Louis T. Glass, the entrepreneur who patented the device, originally called it a nickel-in-the-slot player. The name evolved into nickelodeon. In 1879, Glass left his job as a Western Union telegraph operator. He turned his interest to being a general manager and investor in telephone and phonograph companies.
With the advance of technology, by 1906 John Gabel’s “Automatic Entertainer” could play 24 different songs stored on 10-inch discs. The jukebox eventually spelled doom for the player piano, or self-playing piano. As for the term jukebox, its origins aren’t clear, but it appeared in the 1930s in the southern U.S. and may derive from music played in a “juke house”, or brothel. The term “juke” was black American slang for dancing and brothels were some of the first places to install jukeboxes.
Meanwhile, the phonograph grew through 1920 to become a mass medium for playing music. In the mid-‘20s, the radio became prevalent and during the 1930s the jukebox became a popular means for sharing dance records. By 1949, Seeburg’s “Select-O-Matic” jukebox allowed for 100 selections.
For more about the development of the phonograph and gramophone, check out the Dave’s Music Database blog entry “Thomas Edison Invents the Phonograph: August 12, 1877.”
For more important days in music history, check out the Dave’s Music Database history page.
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First posted 11/23/2011; last updated 9/15/2023.
Monday, November 20, 1989
Symphony No. 1 in D major (Titan)
First Performed: Novembrer 20, 1889
Sales (in millions): --
Genre: classical > symphony
Average Duration: 53:20
4.355 out of 5.00 (average of 5 ratings)
Awards:(Click on award to learn more).
About This Work:
Gustav Mahler composed his first symphony based loosely on Jean Paul’s novel Titan. The four-volume work was published between 1800 and 1803 and tells “a convoluted tale…of a man who must discover his hidden past, find his ideal bride, and assume the throne of a small German principality.” US
Mahler completed it in March of 1988 while working as the second conductor of the Stadttheater (City Theater) in Leipzig. While he started composing it in 1884, it appears he did most of the work in the six weeks leading up to its completion. Two months later, Mahler became the Artistic Director of the Royal Hungarian Opera, where he conducted the first performance of his symphony. US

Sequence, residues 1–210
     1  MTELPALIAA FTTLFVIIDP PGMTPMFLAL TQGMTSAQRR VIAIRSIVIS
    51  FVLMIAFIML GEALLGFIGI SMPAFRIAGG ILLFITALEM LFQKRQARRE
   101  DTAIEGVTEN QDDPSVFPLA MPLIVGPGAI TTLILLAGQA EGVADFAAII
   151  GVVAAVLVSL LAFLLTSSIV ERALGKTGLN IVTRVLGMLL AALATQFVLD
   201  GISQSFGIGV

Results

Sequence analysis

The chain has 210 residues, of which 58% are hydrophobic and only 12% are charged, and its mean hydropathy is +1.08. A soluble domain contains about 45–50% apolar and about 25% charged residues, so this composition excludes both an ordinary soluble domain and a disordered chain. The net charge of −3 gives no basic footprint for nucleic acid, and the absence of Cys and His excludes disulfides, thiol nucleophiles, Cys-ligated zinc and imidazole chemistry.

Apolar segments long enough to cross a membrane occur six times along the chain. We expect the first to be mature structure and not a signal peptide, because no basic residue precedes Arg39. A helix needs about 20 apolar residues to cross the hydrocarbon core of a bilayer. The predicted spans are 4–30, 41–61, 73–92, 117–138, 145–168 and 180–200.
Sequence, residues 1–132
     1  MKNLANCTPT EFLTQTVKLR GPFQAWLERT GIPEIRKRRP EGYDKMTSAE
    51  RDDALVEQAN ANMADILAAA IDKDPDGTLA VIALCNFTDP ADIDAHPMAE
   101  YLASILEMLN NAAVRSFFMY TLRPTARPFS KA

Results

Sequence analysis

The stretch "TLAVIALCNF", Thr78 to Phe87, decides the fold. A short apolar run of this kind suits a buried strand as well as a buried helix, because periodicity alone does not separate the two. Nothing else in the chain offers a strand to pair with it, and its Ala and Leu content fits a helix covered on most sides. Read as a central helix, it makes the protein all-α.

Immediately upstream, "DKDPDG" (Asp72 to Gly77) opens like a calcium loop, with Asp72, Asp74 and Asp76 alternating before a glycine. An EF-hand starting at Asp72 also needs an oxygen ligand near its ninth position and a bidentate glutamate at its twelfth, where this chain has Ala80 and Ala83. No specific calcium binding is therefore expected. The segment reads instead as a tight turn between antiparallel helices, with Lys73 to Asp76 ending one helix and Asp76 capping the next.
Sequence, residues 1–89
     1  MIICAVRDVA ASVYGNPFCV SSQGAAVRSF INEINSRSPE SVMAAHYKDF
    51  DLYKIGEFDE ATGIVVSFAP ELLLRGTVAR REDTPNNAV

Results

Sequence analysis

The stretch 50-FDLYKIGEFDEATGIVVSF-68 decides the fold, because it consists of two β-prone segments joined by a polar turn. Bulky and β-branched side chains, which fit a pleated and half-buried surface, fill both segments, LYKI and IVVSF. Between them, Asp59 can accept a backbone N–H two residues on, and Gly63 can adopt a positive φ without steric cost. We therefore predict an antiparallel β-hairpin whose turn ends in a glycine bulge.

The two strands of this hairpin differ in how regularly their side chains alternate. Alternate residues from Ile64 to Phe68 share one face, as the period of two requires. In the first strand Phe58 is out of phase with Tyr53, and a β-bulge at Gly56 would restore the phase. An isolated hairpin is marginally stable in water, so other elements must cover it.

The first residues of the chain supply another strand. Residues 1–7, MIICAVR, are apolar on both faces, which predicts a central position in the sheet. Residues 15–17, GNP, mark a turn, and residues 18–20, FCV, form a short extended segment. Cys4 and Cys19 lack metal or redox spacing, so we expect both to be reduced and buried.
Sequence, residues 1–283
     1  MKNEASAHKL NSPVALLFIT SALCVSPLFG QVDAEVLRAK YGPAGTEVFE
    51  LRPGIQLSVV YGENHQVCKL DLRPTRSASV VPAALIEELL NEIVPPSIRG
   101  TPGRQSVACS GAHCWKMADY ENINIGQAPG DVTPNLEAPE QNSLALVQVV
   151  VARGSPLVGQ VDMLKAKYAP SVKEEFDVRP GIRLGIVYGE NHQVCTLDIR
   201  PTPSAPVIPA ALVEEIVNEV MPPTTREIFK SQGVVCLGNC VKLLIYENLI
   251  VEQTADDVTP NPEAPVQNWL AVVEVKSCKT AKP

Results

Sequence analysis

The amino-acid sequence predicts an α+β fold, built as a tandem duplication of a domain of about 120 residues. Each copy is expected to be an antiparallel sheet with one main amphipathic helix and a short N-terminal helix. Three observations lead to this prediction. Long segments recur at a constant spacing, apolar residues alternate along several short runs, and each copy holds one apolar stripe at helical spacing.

He referred to it not as a symphony but a “symphonic poem in two sections.” Originally the first section consisted of three movements, one which has since been removed, and a second section with two more movements. US
Part I: From the Days of Youth,” Music of Flowers, Fruit and Thorn
Part II: Commedia umana (The Human Comedy)
He significantly revised the work before it was performed again in 1893. CR “The orchestra was expanded and the original second movement, entitled Blumine’ (Flowers) was dropped. This movement, the only surviving piece from Mahler’s incidental music to Scheffel’s Der Trompeter von Säkkingen, although having thematic ties to the rest of the symphony, is stylistically different, being scored for a much smaller orchestra.” SC
Despite the changes and the fact that Mahler conducted multiple performances of the work, he never thought it received the acclaim it deserved. He would be pleased to know that more than a century later, there are more than 150 recordings available of his first symphony. CR
“The primary source material for the remaining movements is…Lieder eines Fahrenden Gesellen (Songs of a Wayfarer). The material of these songs, specifically the first and second, is not only quoted but also used as thematic material in the symphony, creating additional programmatic implications. Mahler’s First Symphony is a stunning achievement for so young a composer, and despite its convoluted genesis is a fully mature, integrated and highly effective work.” SC
Movement I: Langsam. Schleppend (Slowly. Dragging.)
The movement “opens with an introduction invoking nature, eventually with cuckoo calls and distant fanfares. The principal theme is from the song Ging heut’ morgens übers Feld (I Went Out This Morning Through the Fields) and is developed in a standard sonata form.” SC
Movement II: Kräftig bewegt, doch nicht zu schnell (Moving vigorously, but not too fast.)